With a job that sees them fly around the world, flight attendants have always had a glamorous image.

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Those in the same extra-curricular sphere are usually safe bets – rowers crew date rowers, and manage to find things to talk about.

Don’t be afraid though of going for a bold choice – 1st year PPEists vs 3rd year Historians could well make crew date history. 3) Sconces Judge the mood of the crowd before attempting any sconces – you don’t want to be ‘that guy’ who ruined the meal with a low brow sconce.

We also welcome members that are not working in aviation, but simply are fascinated by these people and their lifestyle.

We believe that people with same lifestyle and interests have a big chance of finding happiness and true love.

We give you the chance to meet others who loves flying and airplanes as much as you do.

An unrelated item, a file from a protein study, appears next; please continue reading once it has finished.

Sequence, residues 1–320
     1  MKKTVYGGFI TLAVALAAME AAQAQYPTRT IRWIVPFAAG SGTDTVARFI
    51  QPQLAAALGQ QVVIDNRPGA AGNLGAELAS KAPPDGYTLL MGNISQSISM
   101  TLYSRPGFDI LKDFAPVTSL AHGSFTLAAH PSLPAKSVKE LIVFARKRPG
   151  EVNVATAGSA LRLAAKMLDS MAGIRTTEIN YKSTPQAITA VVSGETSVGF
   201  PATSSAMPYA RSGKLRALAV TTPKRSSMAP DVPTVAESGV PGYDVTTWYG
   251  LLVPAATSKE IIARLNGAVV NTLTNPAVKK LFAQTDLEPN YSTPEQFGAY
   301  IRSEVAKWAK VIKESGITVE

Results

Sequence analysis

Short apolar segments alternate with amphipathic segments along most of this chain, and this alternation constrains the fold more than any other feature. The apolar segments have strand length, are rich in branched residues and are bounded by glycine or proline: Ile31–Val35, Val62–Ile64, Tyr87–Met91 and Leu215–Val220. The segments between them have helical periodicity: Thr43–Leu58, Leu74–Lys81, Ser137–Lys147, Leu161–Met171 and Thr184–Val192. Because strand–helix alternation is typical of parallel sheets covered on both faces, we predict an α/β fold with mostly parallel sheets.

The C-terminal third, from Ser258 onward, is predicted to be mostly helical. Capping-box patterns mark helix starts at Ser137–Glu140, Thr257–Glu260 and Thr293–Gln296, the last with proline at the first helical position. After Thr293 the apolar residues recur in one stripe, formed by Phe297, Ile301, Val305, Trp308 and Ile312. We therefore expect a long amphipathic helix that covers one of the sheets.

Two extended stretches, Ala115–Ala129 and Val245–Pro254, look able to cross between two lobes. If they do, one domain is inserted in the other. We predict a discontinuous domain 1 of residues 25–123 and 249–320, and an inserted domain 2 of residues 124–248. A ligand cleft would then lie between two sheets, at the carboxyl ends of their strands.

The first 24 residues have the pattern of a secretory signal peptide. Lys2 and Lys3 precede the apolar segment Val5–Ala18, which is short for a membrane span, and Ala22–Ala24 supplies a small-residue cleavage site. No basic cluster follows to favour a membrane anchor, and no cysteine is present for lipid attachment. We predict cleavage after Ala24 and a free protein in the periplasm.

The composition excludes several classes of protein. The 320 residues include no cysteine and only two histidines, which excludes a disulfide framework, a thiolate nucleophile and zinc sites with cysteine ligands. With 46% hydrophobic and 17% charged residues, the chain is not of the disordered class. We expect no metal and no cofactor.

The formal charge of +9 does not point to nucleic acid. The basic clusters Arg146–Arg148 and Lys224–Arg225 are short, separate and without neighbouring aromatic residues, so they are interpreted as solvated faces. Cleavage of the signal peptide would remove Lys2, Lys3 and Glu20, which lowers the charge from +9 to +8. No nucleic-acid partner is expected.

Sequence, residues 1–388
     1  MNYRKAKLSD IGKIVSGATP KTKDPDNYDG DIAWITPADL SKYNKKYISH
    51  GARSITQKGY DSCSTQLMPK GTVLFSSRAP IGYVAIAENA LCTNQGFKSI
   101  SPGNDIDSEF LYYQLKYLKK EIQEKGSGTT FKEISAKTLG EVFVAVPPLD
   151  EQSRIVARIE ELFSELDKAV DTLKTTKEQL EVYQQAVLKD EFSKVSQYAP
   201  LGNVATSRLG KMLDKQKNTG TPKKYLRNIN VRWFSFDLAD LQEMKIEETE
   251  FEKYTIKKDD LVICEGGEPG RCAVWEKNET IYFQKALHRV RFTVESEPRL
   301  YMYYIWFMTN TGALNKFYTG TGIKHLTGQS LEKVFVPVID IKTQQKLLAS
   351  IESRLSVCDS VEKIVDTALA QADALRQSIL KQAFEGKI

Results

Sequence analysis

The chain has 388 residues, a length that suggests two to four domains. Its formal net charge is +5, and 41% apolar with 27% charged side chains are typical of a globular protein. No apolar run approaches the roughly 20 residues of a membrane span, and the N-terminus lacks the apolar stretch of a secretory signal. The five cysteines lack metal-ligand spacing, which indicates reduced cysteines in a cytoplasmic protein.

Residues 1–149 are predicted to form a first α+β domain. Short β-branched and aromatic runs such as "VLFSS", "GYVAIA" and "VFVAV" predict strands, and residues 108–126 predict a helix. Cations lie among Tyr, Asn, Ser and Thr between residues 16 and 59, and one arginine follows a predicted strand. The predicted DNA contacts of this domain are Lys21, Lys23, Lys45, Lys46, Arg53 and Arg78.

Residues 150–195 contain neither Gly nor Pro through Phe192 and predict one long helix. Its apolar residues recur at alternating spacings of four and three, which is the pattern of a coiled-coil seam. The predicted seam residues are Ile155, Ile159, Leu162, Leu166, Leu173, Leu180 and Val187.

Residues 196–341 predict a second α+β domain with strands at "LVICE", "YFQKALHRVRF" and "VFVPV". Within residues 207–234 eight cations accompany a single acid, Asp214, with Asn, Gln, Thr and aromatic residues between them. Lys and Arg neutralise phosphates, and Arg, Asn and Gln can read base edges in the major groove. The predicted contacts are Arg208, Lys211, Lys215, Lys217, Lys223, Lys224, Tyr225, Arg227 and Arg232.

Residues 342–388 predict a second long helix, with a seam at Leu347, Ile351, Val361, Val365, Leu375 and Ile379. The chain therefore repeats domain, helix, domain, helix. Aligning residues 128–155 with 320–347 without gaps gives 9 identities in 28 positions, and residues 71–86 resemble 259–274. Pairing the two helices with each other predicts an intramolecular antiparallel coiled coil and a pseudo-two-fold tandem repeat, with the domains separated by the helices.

Where ever you are in the world, all you need is an internet connection and you can stay in touch or make new friends.Our romance experts have put together a few handy suggestions to make dating a little easier when you’re juggling your role as a flight attendant with your search for love.If you think you can make friends without alcohol, then you’re wrong.Sobriety is the death of creativity, the graveyard of ambition, the eternal languishing state of mind that crushes the soul. We at VERSA understand the need for a good drink in the acquisition of social capital, and where better to accomplish this than a typical Oxford crewdate.With this in mind, we’ve written you a guide so that one day, maybe, you can be as popular and well-liked as we are. Don’t worry about whether the wine will compliment the food – it won’t.Welcome to what I’m calling Sea Harmony, a whole world that endeavors to match would-be crew with need-some-crew boats.), whose website says it “matches and connects boat owners and representatives directly online with crew from anywhere to anywhere in the world”; Cruisers Forum.com, which offers, besides its matchmaking service, encyclopedic information about boats and the business of boats; and Crewbay.com, a site that was born so Ollie Wells, its founder, could share his love of sailing and help link those in need of jobs with those who have them.